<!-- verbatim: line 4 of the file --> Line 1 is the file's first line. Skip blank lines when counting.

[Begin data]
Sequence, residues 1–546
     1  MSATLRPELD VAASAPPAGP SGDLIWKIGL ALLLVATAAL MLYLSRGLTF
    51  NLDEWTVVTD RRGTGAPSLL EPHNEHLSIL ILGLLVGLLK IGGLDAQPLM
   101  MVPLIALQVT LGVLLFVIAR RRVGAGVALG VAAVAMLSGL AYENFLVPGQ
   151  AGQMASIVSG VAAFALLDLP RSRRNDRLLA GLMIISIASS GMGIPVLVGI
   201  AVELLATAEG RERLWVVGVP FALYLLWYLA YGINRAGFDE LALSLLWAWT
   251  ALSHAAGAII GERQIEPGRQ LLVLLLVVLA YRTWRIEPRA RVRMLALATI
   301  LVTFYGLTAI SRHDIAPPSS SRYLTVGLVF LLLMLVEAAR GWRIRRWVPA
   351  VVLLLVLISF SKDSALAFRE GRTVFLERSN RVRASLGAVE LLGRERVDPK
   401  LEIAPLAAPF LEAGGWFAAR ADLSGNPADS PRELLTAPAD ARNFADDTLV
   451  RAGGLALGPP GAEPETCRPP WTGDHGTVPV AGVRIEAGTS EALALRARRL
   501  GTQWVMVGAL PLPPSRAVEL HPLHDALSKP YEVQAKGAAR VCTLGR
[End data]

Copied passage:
   101  MVPLIALQVT LGVLLFVIAR RRVGAGVALG VAAVAMLSGL AYENFLVPGQ